William Gill

I went to school at Rensselaer and decided to stay in Troy after graduating with a BS in Information Technology. After working at a few places in town, I was hired to work there in a central middleware group - many of my projects are done in the Drupal content management system and I work to reduce the amount of data re-entry that occurs across campus by syndicating data wherever possible.

Unlit spaces always attracted my photographic attention. I found Troy at night to be awesome: a giant collision of interesting people doing interesting things. In a single night, one could spend hours in alleys, bars, dance parties, rail yards, and encampments. Newly available high quality digital cameras allowed me to take hundreds of photos in a night...a few came out great.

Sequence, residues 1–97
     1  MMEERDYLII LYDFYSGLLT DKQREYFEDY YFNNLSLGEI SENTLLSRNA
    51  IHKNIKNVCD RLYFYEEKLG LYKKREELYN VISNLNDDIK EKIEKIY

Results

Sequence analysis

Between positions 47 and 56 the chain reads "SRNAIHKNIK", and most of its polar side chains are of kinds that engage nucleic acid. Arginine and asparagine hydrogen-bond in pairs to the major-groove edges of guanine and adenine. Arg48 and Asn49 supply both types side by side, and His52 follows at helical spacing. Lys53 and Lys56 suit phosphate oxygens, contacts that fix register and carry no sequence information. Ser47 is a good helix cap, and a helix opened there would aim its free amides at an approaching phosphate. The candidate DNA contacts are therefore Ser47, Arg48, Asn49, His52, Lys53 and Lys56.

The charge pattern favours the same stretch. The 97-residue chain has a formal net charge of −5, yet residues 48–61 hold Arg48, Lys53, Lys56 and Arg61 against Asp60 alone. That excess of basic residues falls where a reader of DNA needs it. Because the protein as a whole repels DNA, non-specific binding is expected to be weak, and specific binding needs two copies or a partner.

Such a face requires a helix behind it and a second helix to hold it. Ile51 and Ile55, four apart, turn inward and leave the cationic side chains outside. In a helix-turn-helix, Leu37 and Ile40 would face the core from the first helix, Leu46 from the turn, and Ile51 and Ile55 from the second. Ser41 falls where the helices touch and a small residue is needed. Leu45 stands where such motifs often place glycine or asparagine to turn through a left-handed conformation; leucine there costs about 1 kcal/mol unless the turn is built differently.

One night, I saw someone with a flash on a cell phone camera. Soon photos were streaming in from the bars and parties. It was time for a new challenge. A mass of iron passing in the night is a haunting experience. It is also an experience that is difficult to photograph. Photographing trains at night allows me to bring people images of activity at night few are able to see, most just hear the horn from a train in the distance.

Thoughtout my time in Troy I've been interested in its walkable downtown, historic buildings, and industrial past. First, my then-girlfriend and I moved into a row house and started fixing it up. Eight years later, with that under our belts, we (now married) bought the large industrial building adjacent to our home.

Trains at Night

Large scale strobe lighting of trains in America's northeastern landscape: blog | facebook


We've restored a row house (sometimes it has an apt for rent) and are currently restoring two buildings that used to be stables for a bottling plant.